“May the you be blessed of the Lord, my daughter. You have shown our last kindness to be better than the first by not going after young men whether poor or rich.” Ruth 3:10
Ruth didn’t strive after personal satisfaction or push people around in frustration and bitterness because God took away her husband. She was a “woman of excellence” (3:11) Her kindness was amply rewarded by God in getting a kind, generous and rich husband, and children, of which one, Obed, would become the grandfather of King David. Not bad for a foreign woman in a strange land!
Every act of kindness is noticed and rewarded by God. Jesus said that even a cup of cold water would not go unnoticed in heaven. The kind touch, the sweet smile, the soothing word whispered – all are acts of kindness pleasing to God. So often it costs us so little just to be kind. Why be a grumpy old warthog and drive everybody to unhappiness. Why not spread a little sunshine around and brighten the corner where you are? Are you so bitter? Has life been so unfair? We must not let the root of bitterness defile us! (Heb12:15) Remember these words from Hebrews 13:1-3
- Let the love of the brethren continue.
- Do not neglect to show hospitality to strangers, for by this some have entertained angels without knowing it.
- Remember the prisoners, as though in prison with them, and those who are ill-treated, since you yourselves also are in the body.
Also read these further words from Hebrews:
“But beloved, we are convinced of better things concerning you, and things that accompany salvation, though we are speaking in this way. For God is not unjust so as to forget your work and the love which you have shown toward His name, in having ministered and in still ministering to the saints. And we desire that each one of you show the same diligence so as to realize the full assurance of hope until the end. Let us hold fast the confession of our hope without wavering, for He who promised is faithful; and let us consider how to stimulate one another to love and good deeds. For you showed sympathy to the prisoners and accepted joyfully the seizure of your property, knowing that you have for yourselves a better possession and a lasting one.”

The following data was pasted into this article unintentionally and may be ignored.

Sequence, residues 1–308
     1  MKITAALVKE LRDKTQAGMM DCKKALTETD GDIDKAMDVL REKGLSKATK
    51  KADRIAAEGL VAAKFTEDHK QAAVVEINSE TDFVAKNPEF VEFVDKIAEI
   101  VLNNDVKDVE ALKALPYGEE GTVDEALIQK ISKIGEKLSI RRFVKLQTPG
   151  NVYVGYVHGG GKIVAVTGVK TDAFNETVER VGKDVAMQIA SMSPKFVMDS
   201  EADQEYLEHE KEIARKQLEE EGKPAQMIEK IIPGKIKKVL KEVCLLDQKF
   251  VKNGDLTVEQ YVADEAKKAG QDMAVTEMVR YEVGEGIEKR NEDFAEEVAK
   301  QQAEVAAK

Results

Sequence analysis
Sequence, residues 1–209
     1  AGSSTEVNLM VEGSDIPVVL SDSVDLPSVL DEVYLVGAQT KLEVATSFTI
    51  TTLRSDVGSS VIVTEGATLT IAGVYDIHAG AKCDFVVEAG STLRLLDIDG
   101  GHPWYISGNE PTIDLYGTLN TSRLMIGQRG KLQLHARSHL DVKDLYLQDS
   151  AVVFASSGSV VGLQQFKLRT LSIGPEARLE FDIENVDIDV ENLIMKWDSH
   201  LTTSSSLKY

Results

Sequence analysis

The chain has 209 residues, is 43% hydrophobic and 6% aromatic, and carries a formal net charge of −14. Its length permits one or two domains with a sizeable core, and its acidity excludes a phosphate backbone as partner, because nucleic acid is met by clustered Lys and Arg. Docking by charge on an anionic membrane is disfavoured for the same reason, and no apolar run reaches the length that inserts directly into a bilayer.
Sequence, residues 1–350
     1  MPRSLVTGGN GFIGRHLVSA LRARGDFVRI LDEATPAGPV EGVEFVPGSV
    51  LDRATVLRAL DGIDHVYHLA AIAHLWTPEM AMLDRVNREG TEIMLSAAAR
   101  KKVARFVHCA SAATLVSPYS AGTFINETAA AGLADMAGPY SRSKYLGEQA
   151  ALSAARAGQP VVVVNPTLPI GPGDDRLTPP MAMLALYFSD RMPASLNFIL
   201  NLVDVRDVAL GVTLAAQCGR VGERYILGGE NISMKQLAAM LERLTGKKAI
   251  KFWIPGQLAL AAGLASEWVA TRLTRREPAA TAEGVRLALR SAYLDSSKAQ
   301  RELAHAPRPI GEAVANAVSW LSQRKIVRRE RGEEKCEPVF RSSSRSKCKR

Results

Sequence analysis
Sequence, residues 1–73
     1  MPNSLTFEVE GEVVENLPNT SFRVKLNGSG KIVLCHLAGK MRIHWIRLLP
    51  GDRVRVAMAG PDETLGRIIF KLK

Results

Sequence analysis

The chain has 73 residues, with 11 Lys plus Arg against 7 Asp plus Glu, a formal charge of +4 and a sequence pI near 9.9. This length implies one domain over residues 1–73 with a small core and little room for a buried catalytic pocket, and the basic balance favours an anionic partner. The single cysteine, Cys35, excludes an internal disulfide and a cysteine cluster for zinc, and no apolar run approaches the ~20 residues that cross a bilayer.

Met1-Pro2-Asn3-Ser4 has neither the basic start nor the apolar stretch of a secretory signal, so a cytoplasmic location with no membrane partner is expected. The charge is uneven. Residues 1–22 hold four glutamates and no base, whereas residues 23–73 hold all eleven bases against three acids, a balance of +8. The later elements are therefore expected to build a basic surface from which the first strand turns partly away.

Kindness demonstrates our gratitude to God and belief that He will justly reward us for suffering and sacrificing now while we sojourn on earth. Perhaps you’ve been treated with little kindness in a cruel and uncaring world. Let God’s love heal your broken heart, and decide to give to your neighbor the milk of human kindness so that your light can shine. Be better. Be different. Be kind!
Jesus used the example of the kind Samaritan as a perfect illustration of the type of people who will inherit eternal life. Notice that Jesus emphasized what the Samaritan actually did for crime victim, not just for some nice tender thoughts that he had about him. Faith without works is dead, dear brothers, and kindness must be in word and deed. It cost the Samaritan much “wasted” time, energy and money, plus it was dangerous work since the thieves could have been close by. His travel plans were spoiled, and he also crossed over some social barriers of racial prejudice in helping a Jew, who as despised the Samaritans people. The Samaritan was not orthodox in his beliefs, actually even being wrong, and, for the Jews, even worse, he was not even a pure-blooded descendant of Abraham, being of a mixed race. Yet Jesus still drove this Samaritan’s righteousness into the face of that smart lawyer, as a perfect example of one who was really following God’s Shema, or Great Law of love. Think about it.